The J. Geils Band was an American rock band formed in 1968, in Worcester, Massachusetts, under the leadership of guitarist John “J.” Geils. The original band members included vocalist Peter Wolf, harmonica and saxophone player Richard “Magic Dick” Salwitz, drummer Stephen Bladd, vocalist/keyboardist Seth Justman, and bassist Danny Klein. Wolf and Justman served as principal songwriters. The band played R&B-influenced blues rock during the 1970s and soon achieved commercial success before moving towards a more mainstream radio-friendly sound in the early 1980s, which brought the band to its commercial peak. After Wolf left the band in 1983 to pursue a solo career, the band released one more album in 1984 with Justman on lead vocals, before breaking up in 1985. Beginning in 1999, the band had several reunions prior to the death of its namesake, J. Geils, on April 11, 2017.
The band first released several Top 40 singles in the early 1970s, including a cover of the song “Lookin’ for a Love” by The Valentinos (which reached #39 on the Billboard Hot 100 in 1972), as well as the single “Give It to Me” (#30 in 1973). Their biggest hits included “Must of Got Lost” (#12 in 1975), “Come Back” (#32 in 1980), “Love Stinks” (which reached #38 in 1980 and was featured in several films), “Freeze-Frame” (#4 in 1981), and “Centerfold” (#1 in 1982).
The band started in the mid-1960s while John Geils was attending Worcester Polytechnic Institute for a couple of semesters. Named Snoopy and the Sopwith Camels, the group was an acoustic blues trio with Geils on guitar, bassist Danny Klein (“Dr. Funk”), and harmonica player Richard Salwitz (“Magic Dick”).
Jay Geils with The J. Geils Blues Band, 1967 – The Unicorn Coffee House, 815 Boylston Street, Boston, MA:
In 1968, the band switched focus, going electric and recruiting two fellow musicians from Boston band The Hallucinations, drummer Stephen Bladd and vocalist Peter Blankenfeld, a fast-talking former WBCN disc jockey) with the air name Peter Wolf. Initial influences included James Cotton and Little Walter — in 2008 interview, harmonica star Magic Dick said they were all “harp freaks”.
They became The J. Geils Blues Band, later dropping the word “Blues” from the band name. Soon, fan Seth Justman joined on keyboards and the band started to earn a sizable following in the Boston area.
The band took its time carefully considering various offers of contracts. Unofficial live recordings circulated: as noted in Creem, “WBCN had the infamous J. Geils ‘bathroom tapes’ (that were almost exactly what the name implies) and a tape of their performance at Alternate Media Conference at Goddard College, but these hardly sufficed” to fans who wanted a proper album. The group ultimately signed to Atlantic Records in 1970.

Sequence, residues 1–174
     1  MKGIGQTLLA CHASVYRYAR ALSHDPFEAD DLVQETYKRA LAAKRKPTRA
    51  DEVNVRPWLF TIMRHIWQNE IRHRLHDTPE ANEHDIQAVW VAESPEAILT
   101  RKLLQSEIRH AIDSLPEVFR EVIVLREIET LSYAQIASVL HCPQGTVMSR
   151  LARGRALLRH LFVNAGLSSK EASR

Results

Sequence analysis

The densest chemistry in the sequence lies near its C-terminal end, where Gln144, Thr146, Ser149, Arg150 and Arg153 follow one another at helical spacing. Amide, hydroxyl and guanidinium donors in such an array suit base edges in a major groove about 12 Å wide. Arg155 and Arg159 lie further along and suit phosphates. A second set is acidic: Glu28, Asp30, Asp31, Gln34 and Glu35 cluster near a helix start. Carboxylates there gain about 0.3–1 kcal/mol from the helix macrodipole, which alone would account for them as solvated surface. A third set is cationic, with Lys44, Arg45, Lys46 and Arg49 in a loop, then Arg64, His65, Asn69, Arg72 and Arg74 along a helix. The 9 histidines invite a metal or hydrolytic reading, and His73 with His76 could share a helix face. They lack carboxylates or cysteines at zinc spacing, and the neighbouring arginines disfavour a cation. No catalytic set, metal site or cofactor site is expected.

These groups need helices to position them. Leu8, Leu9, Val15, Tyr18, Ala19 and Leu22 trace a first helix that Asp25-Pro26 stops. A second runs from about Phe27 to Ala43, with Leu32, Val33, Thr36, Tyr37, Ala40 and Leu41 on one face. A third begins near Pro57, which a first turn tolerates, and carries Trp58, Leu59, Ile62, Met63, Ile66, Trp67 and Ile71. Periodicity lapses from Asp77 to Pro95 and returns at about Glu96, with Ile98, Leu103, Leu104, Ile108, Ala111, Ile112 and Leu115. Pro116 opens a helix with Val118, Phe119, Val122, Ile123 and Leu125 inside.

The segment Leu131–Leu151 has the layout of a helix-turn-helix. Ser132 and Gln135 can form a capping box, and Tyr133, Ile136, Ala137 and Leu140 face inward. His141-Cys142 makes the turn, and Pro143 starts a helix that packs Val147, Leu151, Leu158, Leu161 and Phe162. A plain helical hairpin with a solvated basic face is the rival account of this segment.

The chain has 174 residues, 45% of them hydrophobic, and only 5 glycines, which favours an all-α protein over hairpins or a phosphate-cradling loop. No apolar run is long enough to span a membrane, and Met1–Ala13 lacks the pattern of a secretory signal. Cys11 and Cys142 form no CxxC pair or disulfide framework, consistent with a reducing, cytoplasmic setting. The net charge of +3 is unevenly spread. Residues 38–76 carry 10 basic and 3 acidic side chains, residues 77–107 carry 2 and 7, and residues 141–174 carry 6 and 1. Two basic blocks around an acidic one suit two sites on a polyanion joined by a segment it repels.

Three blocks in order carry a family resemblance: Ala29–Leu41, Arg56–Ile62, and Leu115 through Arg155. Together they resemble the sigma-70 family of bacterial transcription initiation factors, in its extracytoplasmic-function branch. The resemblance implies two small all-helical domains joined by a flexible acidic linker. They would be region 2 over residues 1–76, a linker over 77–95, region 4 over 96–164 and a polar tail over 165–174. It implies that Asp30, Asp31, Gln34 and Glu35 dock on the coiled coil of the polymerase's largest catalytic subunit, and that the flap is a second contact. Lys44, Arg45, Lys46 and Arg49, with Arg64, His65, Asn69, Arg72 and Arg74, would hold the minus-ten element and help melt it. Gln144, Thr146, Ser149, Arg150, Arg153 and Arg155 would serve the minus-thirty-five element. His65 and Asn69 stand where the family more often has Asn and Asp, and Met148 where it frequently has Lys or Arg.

Those of us who know of the J Geils Band only through the early ’80s singles such as Freeze Frame and Centerfold will be in for a surprise. Before they were seen as a pop band, probably adult rock might be a better term, they were such a hardcore blues band that in 1971, The Allman Brothers named the J Geils Band as their favourite local band.
As noted on jgeils.com, Geils himself was a Southside-style slide guitarist who counted not only the Chicago blues masters but also Steve Cropper, Jimi Hendrix, and James Brown’s guitarists among his many influences. Stand-up bassist Danny “D.K.” Klein was also a major soul fan, and harmonica wizard Magic Dick drew heavily from a wide array of blues and jazz musicians, ranging from Little Walter to Roy Eldridge, King Curtis to John Coltrane.
Before joining the band, DJ and singer Peter Wolf recalled: “They were a great band, really smooth. They knew everything there was to know about Chicago blues.” Formed in 1967, the band began to build a reputation in the Boston clubs and when Muddy Waters, Howlin’ Wolf or John Lee Hooker came through town, The J. Geils Blues Band served as their hosts. Along the way, the “Blues” was dropped but there was no shortchanging the music.
As Wolf said, The J. Geils Band “felt obligated to give 100 per cent of ourselves to our audience. We were a bunch of guys who had the passion and wanted to share it.” Keyboardist Seth Justman, who joined the band in 1969, said: “There was a love affair between this band and its audience. We wanted people to know that we were gonna give it all that night… Whatever we had in the tank, that tank was gonna be empty at the end of the show.”
Early J Geils Blues Band recordings are not that common so fans should be thankful to tedders who unearthed this stellar set and shared it on the internet.
While the rhythm section of bassist Danny Klein and drummer Steven Bladd is rock solid, it is harp player Magic Dick Salwitz who takes the spotlight. But then fans of the band will have no problem finding their own favourite moments.
Recorded live at the New Penelope Club, Montreal, Canada, September 1968.
Very good soundboard.
Steven Bladd (drums)
J. Geils (guitar)
Danny Klein (bass)
Pittsfield Slim aka Magic Dick (Dick Salwitz) (harmonica)
Peter Wolf (vocals)
01. Dust My Broom (James) 5.31
02. Look Over Yonder (Clark) 5.02
03. Slow Blues Jam (Bladd/Geils/Klein/Salwitz/Wolf) 9.12
04. You Don’t Love Me (Cobb) 6.05
05. Orange Driver (Burns) 6.46
06. Something You Got (Kenner)
07. Smokestack Lightin’ (w/ band into in middle) (Burnett) 13.51
08. Rock Me Baby (King/Josea) 5.33
01. Blues Instrumental (Bladd/Geils/Klein/Salwitz/Wolf) 5.01
02. Somebody’s Gotta Go (Williams) 3.31
03. Help Me (Williamson)
04. Peter Wolf Intro 0.22
05. Everything’s Gonna Be Alright (Jacobs) 2.58
06. It Hurts Me Too (Whittaker)
07. Black Night (unknown) 5.32
08. Do The Funky Broadway? (w/ band into at end) (Christian) 9.39
Another alternate backcover:
John Warren Geils Jr. (February 20, 1946 – April 11, 2017)